Why are my candle flames so small and other DIY candle problems!

When you’re learning a new skill, like candle making, you are bound to get some things wrong at first. As someone who has been making candles for years, I still make mistakes on occasion. It happens and at times, it can be a huge pain when you’re trying to perfect your candle. There are a few types of problems that happen to almost all new candle makers, even after they become seasoned. 

When you’re looking for answers to why your candle flame is too small, you want to look at how long you cut the wick. If you didn’t cut it big enough, you could have caused it. It could also be caused by a lack of wax or oxygen, or if there was too much dye or scent used. The problem can usually be worked out pretty well with a simple reformulation or a different size wick. 

If you have questions about other candle making problems you’re running into, here are some common problems that plague new (and experienced) candle makers. 

Why won’t my wick stay straight? 

To keep the wick from falling over while you’re pouring, you need to make sure it is stabilized somehow. You can get a normal pencil and wrap the wick around the pencil a few times to hold the wick straight. 

They also sell wick holder bars that will sit across the top of the candle while it cools. 

You want to make sure you put the wick in at the right time, as well. If you put the wick in too late, it can cause other issues with your candles. 

Don’t put a cut wick from a roll inside a newly poured candle without something to brace it. The unsecured wick will fall, and it will make the wick lopsided. You will constantly have to move the wick and that will end up with lines molded into the top of the candle; in the best case, at worst, it will lead to the candle not burning right.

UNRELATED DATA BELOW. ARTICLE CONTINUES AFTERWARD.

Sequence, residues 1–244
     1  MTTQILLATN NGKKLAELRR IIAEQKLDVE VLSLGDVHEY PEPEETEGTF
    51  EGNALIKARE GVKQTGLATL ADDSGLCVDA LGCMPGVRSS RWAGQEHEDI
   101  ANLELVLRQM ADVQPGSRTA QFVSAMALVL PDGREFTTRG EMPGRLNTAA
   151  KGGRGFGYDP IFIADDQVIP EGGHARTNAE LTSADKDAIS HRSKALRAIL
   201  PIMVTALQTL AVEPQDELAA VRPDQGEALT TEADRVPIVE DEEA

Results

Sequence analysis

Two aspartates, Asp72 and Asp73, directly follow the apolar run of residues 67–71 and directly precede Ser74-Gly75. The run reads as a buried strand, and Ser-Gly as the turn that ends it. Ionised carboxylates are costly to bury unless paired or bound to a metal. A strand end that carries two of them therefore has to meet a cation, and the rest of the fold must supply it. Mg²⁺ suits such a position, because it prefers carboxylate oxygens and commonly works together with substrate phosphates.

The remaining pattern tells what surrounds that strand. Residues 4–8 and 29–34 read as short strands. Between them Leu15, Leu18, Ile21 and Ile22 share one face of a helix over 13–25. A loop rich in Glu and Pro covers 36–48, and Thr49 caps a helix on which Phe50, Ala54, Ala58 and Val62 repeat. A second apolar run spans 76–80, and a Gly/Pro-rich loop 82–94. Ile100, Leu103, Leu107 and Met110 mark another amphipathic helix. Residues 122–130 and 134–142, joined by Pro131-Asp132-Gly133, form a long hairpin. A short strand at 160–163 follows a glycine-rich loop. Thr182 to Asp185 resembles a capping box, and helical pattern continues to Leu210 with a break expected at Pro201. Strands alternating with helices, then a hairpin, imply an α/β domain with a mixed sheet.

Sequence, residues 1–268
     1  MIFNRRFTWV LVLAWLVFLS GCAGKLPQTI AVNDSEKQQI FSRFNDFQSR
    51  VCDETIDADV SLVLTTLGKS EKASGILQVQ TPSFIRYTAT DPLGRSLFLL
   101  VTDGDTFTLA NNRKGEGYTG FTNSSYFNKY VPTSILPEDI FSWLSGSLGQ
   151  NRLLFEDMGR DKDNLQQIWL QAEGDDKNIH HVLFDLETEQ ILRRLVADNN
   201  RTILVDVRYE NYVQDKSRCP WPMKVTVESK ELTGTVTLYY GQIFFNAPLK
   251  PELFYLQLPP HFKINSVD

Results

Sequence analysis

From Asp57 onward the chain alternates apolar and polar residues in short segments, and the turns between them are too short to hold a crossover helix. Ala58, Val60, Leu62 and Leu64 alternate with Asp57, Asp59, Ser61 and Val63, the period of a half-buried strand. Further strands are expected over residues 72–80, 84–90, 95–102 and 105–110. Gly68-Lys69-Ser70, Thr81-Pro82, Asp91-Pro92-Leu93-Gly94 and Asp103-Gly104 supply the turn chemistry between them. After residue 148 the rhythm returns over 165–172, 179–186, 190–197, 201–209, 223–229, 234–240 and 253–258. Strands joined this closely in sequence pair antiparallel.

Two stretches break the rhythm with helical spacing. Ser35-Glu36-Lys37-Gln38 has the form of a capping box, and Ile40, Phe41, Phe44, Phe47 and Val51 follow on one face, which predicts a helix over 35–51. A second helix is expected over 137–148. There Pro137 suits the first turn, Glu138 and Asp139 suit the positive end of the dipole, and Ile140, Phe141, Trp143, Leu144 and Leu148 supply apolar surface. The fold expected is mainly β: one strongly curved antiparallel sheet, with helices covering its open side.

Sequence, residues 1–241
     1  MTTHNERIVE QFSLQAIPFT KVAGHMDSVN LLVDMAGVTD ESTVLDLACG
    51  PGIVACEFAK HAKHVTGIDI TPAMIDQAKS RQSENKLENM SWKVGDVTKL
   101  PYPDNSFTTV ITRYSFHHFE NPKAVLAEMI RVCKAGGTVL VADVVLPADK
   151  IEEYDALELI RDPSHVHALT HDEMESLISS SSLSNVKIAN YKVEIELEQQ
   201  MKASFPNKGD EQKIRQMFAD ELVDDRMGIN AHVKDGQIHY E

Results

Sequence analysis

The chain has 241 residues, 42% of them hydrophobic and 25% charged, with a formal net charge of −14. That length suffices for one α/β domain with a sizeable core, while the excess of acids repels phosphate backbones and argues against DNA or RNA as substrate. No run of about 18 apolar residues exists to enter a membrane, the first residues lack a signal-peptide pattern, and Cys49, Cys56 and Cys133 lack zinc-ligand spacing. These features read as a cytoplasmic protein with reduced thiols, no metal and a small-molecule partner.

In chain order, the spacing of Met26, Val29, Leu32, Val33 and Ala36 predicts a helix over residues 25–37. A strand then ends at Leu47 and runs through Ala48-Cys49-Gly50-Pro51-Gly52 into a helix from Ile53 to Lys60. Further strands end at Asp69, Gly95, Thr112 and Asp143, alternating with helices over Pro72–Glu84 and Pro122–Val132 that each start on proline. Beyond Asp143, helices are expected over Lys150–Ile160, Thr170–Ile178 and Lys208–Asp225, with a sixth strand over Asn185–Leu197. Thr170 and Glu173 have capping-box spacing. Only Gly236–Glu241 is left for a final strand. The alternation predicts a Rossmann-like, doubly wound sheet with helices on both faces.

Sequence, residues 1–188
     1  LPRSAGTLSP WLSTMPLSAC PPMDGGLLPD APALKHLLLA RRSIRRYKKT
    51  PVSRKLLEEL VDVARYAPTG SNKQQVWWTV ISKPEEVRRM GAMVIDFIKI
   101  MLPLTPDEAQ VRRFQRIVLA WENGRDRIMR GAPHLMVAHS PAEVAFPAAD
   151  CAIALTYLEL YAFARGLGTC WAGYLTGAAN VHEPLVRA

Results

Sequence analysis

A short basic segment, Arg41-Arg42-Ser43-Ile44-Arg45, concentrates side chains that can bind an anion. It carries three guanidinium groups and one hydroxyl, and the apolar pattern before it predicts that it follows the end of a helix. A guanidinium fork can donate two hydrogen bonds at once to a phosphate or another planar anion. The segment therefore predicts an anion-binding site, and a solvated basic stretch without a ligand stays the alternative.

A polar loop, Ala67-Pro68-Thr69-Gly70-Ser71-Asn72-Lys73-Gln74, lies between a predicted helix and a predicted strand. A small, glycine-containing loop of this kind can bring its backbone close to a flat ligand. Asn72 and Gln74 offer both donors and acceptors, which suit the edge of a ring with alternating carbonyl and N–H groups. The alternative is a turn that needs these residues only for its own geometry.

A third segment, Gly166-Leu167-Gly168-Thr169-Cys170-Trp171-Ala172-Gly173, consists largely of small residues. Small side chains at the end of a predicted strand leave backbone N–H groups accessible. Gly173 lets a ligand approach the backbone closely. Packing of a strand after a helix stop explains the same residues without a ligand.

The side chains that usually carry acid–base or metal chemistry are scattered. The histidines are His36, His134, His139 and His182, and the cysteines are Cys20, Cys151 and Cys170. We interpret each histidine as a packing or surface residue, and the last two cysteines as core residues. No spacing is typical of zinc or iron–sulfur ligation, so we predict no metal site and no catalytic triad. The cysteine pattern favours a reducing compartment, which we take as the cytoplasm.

Why Won’t My Candle Burn Evenly?

Why are my candle flames so small and other DIY candle problems!

Candles burning evenly is one of the first things you want to learn. You may find that you’re surprised when your candle burns more on one side or the other ends up being a deep dip with the outside barely being touched. What are some of the things that can cause this? 

One of the things that can cause it is having the wrong size or wrong style wick. The thing with candles is that you can’t just use the same wick for every style of candle/wax/scent. You need to make sure that the formula is right, and the wick is the right wick for the job. This will be one of the first things you need to concentrate on when you’re learning how to make candles, before you start selling. If you think wicks are one size fits all, you’re wrong. 

Another thing that can cause the wax to burn unevenly is that you didn’t let the candle sit long enough after making it. Candles are like soap; they need time to harden fully and set. If they don’t set, they won’t burn all the way through. With most waxes, letting them set a week before burning will be a long enough time for them to harden all the way evenly through, and you can consider them fully made. Different types of wax do take different amounts of time to harden. 
  • Soy 10 – 14 days 
  • Paraffin 3 – 5 days
  • Coconut 14 days 
  • Beeswax 7 – 10 days
  • Palm 7 – 10 days 
  • Parasoy 7 – 10 days 

As you can see, most take about a week up to ten days, but soy can take up to two weeks and so can coconut wax. Candles can still be used before those times, but for the best scent and burn, you will want to wait. 

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My Wax is Dipping 

When you start to harden your candle, you may see a dent in the top by the wick. This is a common and annoying eyesore. What causes it, and what can you do to fix it? 

In order to prevent the annoying dipping in the top of the candle, you want to make sure the candle glass is warm and not cold before pouring the wax, and you want to make sure that there are no air pockets forming in the middle of the candle. You can prevent this by poking a hole while it’s hardening. You can use something like a string of wax, a wooden rod that they sell in candle making sections or even a toothpick. Just make sure it’s small.